Employer of Record in Chile
Skuad's Chile EOR (Employer of Record) solution helps you expand your business into Chile without the need for an entity setup. Our unified and automated global HR platform enables you to expedite the onboarding of your remote team and manage their payroll, benefits, etc., compliantly. We help you streamline your global expansion process with the able assistance of our international network.
Chile at a Glance
- Estimated Population: 19 million
- Currency: Chilean Pesos
- Capital: Santiago
- Languages Spoken: Spanish, English
- GDP Growth: 1.1% (2019)
What You Must Know Before Employing in Chile
Chile's labor laws are nearly similar for residents and non-residents, except for a few minor differences. It is crucial to understand the various aspects of employment in Chile.
Companies looking to set up an entity in Chile should be aware of local laws and regulations. The main sources of Chile's employment laws are The Labor and Employment Code, Law 16,744 on Occupational Accidents and Diseases, Law 17,322 on Social Security Payment, Law 19728 on unemployment insurance, Law 21,227 on Protection of Employment and Access to Benefits. Employment agreements in Chile need to be in line with the laws. To mitigate the risks of understanding and applying the employment laws, you can partner with Skuad, which is well-versed with the rules and regulations of Chile. Contact Skuad to Book a demo today.
Some provisions of the employment laws to note before hiring in Chile are:
Contractors vs. Full-Time Employees
Chilean law does not differentiate between types of employees. It states that universal treatment has to be meted out to all employed persons. Contractors and full-time employees are only different in the kind of service they provide. Employers control how full-time employees' services are rendered. They also decide the employees' hours of work. Employees are usually subordinate to employers.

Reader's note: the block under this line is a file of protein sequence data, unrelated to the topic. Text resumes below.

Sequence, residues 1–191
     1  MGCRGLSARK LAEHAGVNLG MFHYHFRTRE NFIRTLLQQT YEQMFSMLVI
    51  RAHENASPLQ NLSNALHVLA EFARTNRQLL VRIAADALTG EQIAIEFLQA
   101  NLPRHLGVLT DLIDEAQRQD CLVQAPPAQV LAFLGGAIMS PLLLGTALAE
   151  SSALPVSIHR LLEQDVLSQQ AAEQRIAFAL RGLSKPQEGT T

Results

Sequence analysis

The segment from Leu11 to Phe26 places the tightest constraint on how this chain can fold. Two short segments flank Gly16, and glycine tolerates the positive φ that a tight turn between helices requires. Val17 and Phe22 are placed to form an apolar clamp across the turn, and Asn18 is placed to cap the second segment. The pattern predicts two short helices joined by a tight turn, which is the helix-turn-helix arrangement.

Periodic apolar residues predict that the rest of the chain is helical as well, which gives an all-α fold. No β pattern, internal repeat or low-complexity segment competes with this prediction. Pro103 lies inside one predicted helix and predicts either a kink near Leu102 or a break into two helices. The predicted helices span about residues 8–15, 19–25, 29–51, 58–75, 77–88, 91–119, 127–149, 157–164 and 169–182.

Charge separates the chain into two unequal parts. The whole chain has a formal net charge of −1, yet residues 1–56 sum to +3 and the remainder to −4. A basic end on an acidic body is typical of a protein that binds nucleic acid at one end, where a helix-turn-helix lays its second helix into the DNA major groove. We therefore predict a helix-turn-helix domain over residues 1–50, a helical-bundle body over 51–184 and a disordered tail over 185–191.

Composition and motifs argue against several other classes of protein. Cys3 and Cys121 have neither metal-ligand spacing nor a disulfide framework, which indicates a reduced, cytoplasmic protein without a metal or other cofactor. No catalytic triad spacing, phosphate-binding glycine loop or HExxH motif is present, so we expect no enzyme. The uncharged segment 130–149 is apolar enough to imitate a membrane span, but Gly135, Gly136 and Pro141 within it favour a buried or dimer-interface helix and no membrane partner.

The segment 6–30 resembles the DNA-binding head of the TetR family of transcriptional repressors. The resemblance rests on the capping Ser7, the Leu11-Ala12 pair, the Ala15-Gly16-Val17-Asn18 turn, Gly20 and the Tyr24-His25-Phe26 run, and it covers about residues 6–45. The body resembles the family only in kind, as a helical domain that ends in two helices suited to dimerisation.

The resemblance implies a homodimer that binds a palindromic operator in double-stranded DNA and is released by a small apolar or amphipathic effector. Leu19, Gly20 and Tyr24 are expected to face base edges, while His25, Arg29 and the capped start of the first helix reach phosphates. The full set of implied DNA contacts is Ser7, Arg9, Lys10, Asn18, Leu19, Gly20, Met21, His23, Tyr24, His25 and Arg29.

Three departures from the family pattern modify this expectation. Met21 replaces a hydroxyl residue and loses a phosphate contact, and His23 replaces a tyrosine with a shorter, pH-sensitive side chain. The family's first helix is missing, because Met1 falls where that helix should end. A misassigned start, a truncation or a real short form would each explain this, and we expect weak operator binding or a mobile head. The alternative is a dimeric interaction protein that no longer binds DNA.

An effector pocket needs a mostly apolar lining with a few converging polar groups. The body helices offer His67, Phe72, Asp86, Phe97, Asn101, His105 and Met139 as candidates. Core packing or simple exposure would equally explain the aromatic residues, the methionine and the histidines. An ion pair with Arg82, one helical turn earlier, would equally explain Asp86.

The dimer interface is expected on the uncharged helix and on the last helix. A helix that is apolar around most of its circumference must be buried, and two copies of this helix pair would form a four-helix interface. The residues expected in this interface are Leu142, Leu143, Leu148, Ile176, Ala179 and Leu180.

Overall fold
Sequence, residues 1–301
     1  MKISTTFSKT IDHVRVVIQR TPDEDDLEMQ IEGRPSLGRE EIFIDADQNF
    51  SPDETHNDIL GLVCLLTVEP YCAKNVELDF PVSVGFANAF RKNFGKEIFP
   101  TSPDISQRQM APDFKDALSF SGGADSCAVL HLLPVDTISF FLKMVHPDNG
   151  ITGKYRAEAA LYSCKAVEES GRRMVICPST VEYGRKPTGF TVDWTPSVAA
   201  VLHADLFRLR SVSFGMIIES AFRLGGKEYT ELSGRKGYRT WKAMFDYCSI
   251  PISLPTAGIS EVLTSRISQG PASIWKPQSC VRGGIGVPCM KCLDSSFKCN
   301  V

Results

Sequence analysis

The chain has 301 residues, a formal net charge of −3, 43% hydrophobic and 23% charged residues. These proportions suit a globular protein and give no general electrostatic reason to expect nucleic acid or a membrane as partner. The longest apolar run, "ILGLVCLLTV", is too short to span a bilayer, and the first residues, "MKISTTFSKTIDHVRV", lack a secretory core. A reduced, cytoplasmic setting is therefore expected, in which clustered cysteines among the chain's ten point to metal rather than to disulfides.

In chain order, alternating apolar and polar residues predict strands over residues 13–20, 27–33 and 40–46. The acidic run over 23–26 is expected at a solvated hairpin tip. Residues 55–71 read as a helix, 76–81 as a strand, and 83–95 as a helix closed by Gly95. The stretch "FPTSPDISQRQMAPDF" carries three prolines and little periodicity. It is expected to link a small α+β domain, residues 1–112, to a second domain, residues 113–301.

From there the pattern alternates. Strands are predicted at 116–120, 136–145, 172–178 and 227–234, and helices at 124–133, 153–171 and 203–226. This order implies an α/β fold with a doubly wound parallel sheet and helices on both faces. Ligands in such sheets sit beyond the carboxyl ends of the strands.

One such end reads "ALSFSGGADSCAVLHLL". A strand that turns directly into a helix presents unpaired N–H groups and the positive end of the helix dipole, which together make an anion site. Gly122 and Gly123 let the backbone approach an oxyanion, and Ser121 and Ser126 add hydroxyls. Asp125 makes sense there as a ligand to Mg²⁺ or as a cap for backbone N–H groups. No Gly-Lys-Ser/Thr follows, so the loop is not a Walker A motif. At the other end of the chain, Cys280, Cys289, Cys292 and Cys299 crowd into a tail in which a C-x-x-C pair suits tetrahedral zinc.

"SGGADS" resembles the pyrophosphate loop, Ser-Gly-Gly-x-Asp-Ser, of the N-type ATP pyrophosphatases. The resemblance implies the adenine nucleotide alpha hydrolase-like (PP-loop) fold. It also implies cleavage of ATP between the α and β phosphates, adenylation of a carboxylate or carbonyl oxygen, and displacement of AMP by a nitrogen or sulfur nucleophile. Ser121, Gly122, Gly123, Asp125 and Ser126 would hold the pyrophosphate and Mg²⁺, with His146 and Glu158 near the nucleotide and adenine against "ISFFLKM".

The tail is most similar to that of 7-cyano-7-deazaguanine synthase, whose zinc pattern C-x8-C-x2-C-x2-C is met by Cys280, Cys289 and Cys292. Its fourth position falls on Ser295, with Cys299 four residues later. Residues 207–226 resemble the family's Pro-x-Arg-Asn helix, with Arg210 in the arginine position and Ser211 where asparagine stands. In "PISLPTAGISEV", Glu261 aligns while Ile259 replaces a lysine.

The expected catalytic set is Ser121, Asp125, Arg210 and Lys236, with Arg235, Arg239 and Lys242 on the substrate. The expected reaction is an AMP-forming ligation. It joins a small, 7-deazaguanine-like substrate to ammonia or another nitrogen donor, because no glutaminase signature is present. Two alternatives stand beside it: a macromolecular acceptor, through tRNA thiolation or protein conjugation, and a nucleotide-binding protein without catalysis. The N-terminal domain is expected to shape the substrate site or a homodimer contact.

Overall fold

Contractors are often independent. Employers do not have direct control over them. A mutually agreed project and the relative outcome are planned and signed under an agreement between both parties. The contractor is not subordinate to the employer.
Whether you hire an employee or an independent contractor, you must understand Chilean employment laws. Book a demo now to know why Skuad's EOR Chile is the perfect solution for you.
Hiring in Chile
There are numerous ways to hire employees in Chile. Employees often post job advertisements on their website and other popular job-hunting platforms, like Indeed, Laborum.cl, Chile Trabajos, and Buscojobs. This is a low-cost endeavor that helps them land the employees they need.
Businesses also use hiring companies in Chile to get employees. However, this is an expensive undertaking. The HR team has to sift through the candidates' list and conduct the hiring process in a new country. There are costs associated with every avenue of hiring. Further, companies have to run background checks, onboard employees, manage payroll, and handle taxation, additional responsibilities, and costs. Instead, companies can expand their business in Chile using an EOR like Skuad to handle all the employment-related responsibilities. Click here to learn more.
Employment contract laws in Chile do not mention probation. There is no standard probation period in Chile as the employment laws do not talk about probation, except in cases of domestic workers, where employers can take up to two weeks to decide whether they want to hire full-time workers or not. However, employees on a fixed-term contract for less than 12 months are considered to be on probation. Once the 'probation' is up, employers can decide whether they want to extend the employee's contract or not.
Termination of Employment
Employment contracts in Chile often contain a termination clause that states the termination procedure. Employees are entitled to a termination letter that must include the reason for termination and all relevant facts. Employers need to include social security receipts too with the termination letter. The letter must be given to the employee within three days of termination.